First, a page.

Moderation is a moving target, and the policies keep changing, so this week we want to explore another popular subject.
How has moderation evolved over the years?
Nowadays, there are so many different platforms, games, apps and other services that all offer consumers different ways to communicate – and all of that content needs to be assessed.
Many online services use very basic word filters and rules on their platforms. In the past, this caught some of the bad content, but all the user needed to do to bypass these filters and confuse the system was misspelling words. With the introduction of mobile chat apps, emojis, other languages, upside-down text, other unicode characters and voice to text, these challenges have been multiplied tenfold. On top of that, the word-based filters are not even close in understanding entire sentences or messages, as they lack contextual understanding. It’s pretty clear that tools that were built years ago are not prepared to deal with modern online communities.
The ongoing backlash we’ve seen against social media platforms has exposed how the old-fashioned approaches to moderation needs to be re-thought. Many platforms use third party moderators that take a one generic moderation policy fits all approach to moderation. There are far better solutions.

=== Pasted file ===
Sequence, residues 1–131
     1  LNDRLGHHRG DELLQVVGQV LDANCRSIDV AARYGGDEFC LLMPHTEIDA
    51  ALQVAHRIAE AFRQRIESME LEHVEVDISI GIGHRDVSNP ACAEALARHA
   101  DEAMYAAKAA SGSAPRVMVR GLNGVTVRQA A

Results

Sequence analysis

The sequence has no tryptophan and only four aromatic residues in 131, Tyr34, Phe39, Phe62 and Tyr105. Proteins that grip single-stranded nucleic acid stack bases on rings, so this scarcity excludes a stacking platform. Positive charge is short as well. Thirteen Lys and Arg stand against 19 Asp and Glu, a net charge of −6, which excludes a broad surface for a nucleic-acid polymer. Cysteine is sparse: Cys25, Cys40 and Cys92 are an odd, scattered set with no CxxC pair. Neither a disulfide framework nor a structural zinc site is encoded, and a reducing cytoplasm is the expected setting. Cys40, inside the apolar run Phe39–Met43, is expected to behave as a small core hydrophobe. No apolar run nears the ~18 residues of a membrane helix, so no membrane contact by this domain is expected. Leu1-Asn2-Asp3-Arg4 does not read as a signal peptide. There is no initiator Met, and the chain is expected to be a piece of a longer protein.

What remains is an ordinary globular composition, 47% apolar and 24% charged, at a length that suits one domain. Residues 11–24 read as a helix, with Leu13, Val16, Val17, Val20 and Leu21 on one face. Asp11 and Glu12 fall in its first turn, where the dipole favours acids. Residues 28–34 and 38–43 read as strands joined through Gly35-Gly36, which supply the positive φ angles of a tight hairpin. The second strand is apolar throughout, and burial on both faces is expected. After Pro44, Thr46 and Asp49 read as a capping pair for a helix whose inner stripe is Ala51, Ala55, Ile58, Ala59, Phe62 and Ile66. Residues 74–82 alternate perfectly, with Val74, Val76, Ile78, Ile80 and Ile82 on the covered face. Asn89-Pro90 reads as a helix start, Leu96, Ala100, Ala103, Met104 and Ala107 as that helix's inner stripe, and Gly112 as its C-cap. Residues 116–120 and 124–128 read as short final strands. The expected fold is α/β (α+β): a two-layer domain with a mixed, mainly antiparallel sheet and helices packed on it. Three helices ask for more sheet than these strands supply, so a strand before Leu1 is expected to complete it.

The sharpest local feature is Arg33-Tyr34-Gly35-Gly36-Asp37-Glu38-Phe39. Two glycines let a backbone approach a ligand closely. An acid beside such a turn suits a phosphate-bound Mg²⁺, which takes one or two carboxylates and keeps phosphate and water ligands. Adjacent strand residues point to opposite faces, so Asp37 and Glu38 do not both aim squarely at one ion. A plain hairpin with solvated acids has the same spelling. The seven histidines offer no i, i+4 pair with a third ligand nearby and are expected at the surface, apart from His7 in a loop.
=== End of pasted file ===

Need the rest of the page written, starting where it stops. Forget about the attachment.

But in terms of the practical challenges, scale has become an absolute game-changer. Facebook is home to nearly a third of the world’s population, in the gaming sphere Minecraft has 600 million player accounts and Fortnite has 350 million registered players.
In the past, tackling this volume of data and chat logs simply wasn’t a concern, but the sheer scale platforms have to facilitate can quickly become unmanageable. The pandemic has only acted as a catalyst, player numbers for some games rose by as much as a third, drastically shifting the moderation challenge overnight.